Ralph Nader unleashed on Sen. Hillary Rodham Clinton Monday — criticizing her for being soft on defense spending and a chum of big business — and expressed his strong support for John Edwards.LINK: Nader throws support to Edwards
In an eleventh hour effort to encourage liberal Iowans to "recognize" the former North Carolina senator by "giving him a victory," the activist and former presidential contender said in an interview that Clinton will "pander to corporate interest groups" if elected.
Nader specifically accused Clinton of failing to challenge military spending because "she is a woman who doesn't want to be labeled as soft on defense, and she doesn't want to be shown as taking on big business."
As Clinton campaigned through a snowstorm in southeast Iowa, pledging to "bring about the changes we need," Nader accused the Democratic senator from New York of using empty rhetoric.
"[Clinton] has not led the way against the avalanche of military contracting, corporate crime, fraud and abuse," he said. "We want to inform the people of Iowa about Hillary Clinton because all the focus is on, do they have the experience and do they have the personal charisma, and can they cross the aisle" Nader said.
"The issue is corporate power and who controls our political system and it's not who has experience for six years or two years," he said, alluding to an ongoing debate over experience between Clinton and freshman Sen. Barack Obama of Illinois.
"She has experience in the Senate, and what that experience has meant is going soft on cracking down on corporate crime, fraud, and abuse, soft on cutting tens of millions in corporate subsidies," he continued.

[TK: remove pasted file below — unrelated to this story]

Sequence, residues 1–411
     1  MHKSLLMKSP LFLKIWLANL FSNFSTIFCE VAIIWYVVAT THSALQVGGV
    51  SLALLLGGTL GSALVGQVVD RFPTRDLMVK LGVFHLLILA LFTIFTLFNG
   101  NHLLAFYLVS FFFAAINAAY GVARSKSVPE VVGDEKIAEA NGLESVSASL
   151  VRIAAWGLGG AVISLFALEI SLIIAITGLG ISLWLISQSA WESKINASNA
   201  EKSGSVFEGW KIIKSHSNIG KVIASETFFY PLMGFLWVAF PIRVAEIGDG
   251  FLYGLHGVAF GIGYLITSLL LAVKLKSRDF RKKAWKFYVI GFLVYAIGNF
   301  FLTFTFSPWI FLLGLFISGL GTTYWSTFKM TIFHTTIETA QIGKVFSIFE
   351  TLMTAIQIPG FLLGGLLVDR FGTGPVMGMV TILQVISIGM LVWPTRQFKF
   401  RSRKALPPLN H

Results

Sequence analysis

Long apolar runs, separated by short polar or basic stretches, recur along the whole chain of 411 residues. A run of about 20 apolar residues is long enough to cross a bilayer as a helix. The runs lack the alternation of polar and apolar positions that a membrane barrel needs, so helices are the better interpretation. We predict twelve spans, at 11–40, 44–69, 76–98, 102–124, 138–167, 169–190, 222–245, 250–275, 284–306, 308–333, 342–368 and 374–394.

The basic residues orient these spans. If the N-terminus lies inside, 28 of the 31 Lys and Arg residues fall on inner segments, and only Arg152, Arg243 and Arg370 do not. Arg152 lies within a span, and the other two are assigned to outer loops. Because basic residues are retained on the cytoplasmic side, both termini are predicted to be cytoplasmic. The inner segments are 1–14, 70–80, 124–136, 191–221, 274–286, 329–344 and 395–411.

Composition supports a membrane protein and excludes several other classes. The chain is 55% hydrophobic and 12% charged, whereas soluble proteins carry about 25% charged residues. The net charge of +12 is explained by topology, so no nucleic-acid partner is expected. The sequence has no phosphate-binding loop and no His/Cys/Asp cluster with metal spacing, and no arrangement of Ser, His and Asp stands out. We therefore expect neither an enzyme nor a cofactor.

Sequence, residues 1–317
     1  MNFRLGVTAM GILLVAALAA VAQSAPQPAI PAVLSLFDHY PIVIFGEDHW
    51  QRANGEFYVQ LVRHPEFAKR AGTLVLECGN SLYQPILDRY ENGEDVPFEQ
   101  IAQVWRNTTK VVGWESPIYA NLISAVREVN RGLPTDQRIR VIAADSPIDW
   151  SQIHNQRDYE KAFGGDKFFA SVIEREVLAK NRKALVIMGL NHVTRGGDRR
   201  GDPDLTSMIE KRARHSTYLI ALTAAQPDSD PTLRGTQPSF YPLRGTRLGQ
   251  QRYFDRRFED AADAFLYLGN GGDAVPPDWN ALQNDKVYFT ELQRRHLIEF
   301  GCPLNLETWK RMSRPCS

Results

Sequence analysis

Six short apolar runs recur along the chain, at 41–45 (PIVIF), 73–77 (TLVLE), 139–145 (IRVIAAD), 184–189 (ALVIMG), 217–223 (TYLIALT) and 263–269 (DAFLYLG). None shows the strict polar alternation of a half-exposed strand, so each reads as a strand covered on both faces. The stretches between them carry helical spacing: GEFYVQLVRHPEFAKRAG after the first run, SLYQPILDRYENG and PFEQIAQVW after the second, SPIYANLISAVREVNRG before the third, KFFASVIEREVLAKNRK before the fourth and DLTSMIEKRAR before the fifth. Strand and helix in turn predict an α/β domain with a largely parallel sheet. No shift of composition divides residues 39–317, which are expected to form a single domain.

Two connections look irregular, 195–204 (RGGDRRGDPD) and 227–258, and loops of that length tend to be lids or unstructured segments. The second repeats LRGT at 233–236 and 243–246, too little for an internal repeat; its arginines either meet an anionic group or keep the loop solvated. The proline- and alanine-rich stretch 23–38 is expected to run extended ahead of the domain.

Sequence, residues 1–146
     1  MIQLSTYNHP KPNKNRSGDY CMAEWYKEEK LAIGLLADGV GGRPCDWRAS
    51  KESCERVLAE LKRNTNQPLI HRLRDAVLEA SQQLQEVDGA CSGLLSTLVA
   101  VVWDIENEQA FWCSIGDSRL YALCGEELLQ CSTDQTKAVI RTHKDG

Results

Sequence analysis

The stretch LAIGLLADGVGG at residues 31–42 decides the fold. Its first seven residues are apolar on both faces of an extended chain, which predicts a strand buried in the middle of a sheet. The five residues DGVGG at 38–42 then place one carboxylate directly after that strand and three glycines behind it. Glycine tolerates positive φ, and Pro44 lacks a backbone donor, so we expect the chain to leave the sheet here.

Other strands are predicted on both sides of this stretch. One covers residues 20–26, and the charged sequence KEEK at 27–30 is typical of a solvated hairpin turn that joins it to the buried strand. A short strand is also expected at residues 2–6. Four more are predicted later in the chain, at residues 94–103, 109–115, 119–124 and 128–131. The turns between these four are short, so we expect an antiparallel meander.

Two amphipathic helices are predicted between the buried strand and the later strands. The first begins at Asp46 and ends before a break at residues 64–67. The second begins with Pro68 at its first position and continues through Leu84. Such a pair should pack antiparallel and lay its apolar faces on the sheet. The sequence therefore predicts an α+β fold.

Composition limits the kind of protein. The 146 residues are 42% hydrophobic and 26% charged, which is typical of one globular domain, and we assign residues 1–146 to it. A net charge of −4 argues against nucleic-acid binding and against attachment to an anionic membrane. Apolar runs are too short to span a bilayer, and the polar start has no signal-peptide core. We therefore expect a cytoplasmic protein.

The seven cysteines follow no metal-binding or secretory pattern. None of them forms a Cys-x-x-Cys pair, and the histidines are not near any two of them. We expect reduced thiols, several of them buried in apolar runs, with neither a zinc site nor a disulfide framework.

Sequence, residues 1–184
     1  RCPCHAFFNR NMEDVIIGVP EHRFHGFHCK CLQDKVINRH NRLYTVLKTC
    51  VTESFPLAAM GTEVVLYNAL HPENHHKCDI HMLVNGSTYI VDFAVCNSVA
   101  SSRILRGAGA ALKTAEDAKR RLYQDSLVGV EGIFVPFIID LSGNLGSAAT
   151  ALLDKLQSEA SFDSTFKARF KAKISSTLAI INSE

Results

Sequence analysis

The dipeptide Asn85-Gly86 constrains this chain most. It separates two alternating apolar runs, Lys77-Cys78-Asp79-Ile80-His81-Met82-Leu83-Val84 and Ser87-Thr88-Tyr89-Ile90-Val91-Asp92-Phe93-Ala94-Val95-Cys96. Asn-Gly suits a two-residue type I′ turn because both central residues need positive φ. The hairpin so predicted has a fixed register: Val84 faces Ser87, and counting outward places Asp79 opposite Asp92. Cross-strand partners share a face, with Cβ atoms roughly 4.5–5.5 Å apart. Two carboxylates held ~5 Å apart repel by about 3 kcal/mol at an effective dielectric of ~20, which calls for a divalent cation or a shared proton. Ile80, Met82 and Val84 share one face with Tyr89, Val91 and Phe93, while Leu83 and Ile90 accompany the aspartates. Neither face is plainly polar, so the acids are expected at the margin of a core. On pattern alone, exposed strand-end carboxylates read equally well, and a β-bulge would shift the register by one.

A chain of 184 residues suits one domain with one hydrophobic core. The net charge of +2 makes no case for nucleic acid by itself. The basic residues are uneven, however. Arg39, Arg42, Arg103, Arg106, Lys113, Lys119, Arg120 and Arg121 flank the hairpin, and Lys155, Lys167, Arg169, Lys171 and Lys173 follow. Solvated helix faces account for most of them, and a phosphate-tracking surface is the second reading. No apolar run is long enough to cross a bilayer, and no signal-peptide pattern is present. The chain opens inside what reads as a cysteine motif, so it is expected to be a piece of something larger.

The Clinton campaign declined to comment on Nader's criticism.
Nader, a four-time presidential candidate, called Edwards a Democratic "glimmer of hope." He has long criticized Democrats as indistinguishable from Republicans, chiding both parties as slaves to corporate financing and interests.
It was Nader who famously — or infamously to many Democrats — siphoned off enough liberal votes from Al Gore in 2000 to hand New Hampshire and Florida, and as a result, the presidency, to George W. Bush. Since 2004, however, Nader has been increasingly controversial within the political left. He was booed at a national conference of progressives earlier this year.
But he remains a popular figure among some liberals. Activists are particularly influential in the Iowa caucuses, if only because participation asks hours of voters' time. Only a small portion of Iowa Democrats caucused in 2004.
Clinton is currently locked in a heated three-way race with Obama and Edwards in Iowa, the first contest of the presidential primaries.
On Monday, Nader also issued a public statement criticizing Clinton as a "corporate Democrat," echoing the exact words Edwards uses to challenge Clinton. Nader said he has watched Edwards from afar and sees his more pugilistic brand of populism as an encouraging sign.
"It's the only time I've heard a Democrat talk that way in a long time," Nader said, acknowledging what was, for him, a rare moment of praise for a Democratic leader.
"Iowa should decide which candidate stands for us," he added. "Edwards is at least highlighting day after day that the issue is who controls our country: big business or the people?"
Come on Edwards!